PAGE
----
There is a strong history and tradition in Cowlitz County, and throughout SW Washington, of natural resource based jobs in agriculture and timber. Unfortunately, Seattle based politicians aren’t concerned with what happens to our industries outside of the shadow of the space needle. They have overregulated or out-regulated local jobs. I strongly believe our communities deserve the opportunity to create family wage jobs.

Peter Abbarno, Business owner, Attorney, Centralia Mayor Pro Tem, and Candidate for the State House in the 20th Legislative District
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Abbarno Meets with Kalama City Councilors to Discuss Local Issues and Solutions

February 7- Peter Abbarno spent the day in Cowlitz County with local community members and Kalama City Councilors Matthew Merz and Steve Kallio. Both Merz and Kallio have endorsed Abbarno’s campaign for State Representative in the 20th Legislative District to replace the retiring Richard DeBolt.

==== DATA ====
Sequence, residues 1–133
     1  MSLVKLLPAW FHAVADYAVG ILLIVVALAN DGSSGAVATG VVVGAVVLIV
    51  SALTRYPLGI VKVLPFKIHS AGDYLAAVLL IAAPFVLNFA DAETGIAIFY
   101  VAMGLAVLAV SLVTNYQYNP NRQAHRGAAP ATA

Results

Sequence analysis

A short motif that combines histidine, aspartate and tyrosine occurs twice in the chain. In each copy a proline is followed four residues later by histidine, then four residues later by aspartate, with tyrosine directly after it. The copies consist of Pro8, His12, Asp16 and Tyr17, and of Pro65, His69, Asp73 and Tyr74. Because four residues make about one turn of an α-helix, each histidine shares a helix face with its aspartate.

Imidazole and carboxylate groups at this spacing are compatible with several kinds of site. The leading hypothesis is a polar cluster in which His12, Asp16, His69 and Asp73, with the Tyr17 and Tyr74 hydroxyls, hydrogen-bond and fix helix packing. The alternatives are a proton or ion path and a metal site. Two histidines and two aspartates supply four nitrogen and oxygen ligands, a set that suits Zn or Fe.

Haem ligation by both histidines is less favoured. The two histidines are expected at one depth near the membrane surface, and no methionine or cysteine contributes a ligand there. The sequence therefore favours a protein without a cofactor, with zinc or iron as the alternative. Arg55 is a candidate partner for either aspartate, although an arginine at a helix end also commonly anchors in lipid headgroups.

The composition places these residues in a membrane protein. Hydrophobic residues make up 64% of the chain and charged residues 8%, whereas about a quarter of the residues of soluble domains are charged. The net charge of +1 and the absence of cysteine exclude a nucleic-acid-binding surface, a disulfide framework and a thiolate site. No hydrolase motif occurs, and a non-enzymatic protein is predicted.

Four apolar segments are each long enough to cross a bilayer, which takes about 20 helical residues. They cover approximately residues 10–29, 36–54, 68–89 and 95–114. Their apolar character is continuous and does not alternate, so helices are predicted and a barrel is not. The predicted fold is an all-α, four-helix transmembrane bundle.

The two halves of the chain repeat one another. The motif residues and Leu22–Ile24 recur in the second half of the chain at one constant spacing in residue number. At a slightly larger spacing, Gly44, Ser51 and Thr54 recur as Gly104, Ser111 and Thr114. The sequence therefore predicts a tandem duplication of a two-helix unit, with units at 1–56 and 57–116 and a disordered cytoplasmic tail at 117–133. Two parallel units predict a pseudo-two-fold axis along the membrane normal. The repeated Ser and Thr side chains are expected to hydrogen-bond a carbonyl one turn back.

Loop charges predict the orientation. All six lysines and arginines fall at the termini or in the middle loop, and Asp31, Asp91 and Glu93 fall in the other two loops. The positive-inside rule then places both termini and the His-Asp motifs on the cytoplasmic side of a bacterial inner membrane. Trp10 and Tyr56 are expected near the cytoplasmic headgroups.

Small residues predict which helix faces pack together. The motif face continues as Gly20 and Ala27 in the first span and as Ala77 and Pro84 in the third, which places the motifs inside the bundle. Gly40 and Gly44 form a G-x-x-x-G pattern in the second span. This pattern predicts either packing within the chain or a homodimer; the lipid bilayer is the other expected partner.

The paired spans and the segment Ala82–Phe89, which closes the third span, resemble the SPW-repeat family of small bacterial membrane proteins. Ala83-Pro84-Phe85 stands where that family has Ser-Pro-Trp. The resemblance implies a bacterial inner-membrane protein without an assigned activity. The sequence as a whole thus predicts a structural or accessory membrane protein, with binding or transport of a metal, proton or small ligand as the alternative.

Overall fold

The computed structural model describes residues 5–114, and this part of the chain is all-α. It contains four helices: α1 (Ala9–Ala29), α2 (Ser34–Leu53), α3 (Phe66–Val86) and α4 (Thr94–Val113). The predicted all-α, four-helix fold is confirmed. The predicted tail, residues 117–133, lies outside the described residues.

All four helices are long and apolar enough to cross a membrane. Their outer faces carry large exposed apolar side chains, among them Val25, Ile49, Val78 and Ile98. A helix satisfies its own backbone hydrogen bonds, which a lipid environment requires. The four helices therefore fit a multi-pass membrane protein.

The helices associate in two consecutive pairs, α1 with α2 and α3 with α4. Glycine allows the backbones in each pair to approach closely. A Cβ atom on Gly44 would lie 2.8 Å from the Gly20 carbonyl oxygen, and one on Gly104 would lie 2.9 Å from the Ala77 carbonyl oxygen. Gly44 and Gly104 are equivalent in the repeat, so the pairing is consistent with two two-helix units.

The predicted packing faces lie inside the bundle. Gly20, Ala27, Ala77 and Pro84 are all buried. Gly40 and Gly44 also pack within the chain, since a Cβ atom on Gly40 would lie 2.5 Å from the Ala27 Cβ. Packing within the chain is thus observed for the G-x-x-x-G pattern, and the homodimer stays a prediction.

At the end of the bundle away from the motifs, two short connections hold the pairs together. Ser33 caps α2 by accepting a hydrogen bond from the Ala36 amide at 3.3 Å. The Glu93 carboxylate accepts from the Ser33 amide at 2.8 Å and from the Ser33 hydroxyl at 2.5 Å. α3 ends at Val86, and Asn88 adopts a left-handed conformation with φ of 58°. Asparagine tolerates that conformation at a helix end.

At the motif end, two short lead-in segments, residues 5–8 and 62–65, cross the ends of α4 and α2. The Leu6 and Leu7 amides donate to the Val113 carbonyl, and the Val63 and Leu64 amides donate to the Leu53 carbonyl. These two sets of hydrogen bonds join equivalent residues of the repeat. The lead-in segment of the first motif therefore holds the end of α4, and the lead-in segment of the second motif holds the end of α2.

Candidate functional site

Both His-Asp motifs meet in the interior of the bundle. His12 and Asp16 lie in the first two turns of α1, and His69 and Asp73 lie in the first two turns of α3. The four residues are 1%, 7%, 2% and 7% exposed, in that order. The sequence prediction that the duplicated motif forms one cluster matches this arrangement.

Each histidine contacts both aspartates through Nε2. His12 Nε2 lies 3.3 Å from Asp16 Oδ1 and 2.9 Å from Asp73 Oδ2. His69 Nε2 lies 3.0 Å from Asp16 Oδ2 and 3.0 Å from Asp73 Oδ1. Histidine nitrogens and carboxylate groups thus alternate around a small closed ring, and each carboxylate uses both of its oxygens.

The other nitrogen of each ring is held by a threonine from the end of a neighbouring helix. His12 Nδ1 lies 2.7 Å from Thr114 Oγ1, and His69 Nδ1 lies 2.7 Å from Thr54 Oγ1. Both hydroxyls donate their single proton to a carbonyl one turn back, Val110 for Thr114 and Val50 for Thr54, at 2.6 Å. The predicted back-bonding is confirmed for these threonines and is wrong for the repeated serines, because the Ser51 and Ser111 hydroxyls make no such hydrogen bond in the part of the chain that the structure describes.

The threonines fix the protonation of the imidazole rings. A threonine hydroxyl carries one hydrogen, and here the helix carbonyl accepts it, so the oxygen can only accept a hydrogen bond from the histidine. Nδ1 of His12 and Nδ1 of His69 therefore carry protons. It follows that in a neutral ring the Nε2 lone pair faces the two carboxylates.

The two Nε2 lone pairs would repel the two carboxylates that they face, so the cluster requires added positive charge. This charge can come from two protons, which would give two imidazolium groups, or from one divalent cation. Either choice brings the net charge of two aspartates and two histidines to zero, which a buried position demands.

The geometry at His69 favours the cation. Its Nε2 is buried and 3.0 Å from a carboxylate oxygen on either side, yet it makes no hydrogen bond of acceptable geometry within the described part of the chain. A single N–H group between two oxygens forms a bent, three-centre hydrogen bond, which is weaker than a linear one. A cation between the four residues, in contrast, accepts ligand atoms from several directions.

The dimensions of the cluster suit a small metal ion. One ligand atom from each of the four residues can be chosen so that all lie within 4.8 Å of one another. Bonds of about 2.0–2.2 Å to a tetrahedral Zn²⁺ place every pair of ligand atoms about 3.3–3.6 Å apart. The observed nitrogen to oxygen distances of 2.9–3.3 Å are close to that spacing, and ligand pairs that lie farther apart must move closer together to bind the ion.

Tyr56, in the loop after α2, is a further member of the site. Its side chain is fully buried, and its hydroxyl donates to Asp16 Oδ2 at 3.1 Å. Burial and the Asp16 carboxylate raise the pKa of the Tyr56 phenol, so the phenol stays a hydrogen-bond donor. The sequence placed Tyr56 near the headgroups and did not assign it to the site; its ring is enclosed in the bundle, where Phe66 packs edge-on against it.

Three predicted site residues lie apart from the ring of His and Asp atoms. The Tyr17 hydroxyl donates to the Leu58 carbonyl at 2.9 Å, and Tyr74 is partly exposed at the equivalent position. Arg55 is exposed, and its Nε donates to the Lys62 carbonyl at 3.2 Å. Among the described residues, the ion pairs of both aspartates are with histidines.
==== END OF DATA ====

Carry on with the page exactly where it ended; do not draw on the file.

Abbarno (center) discusses important local issues with Kalama City Councilors Matthew Merz (left) and Steve Kallio (right).

I am honored to have the endorsement of Matthew Merz and Steve Kallio. They are both leaders in the Kalama and Cowlitz County community. Local issues like flood mitigation, job creation, and protecting our way of life in SW Washington are not partisan issues. Solutions take communications and cooperation at all levels. My campaign is about solutions to build strong families and strong communities.

Peter Abbarno, Business Owner, Attorney, Centralia Mayor Pro Tem, and Candidate for State Representative in the 20th Legislative District.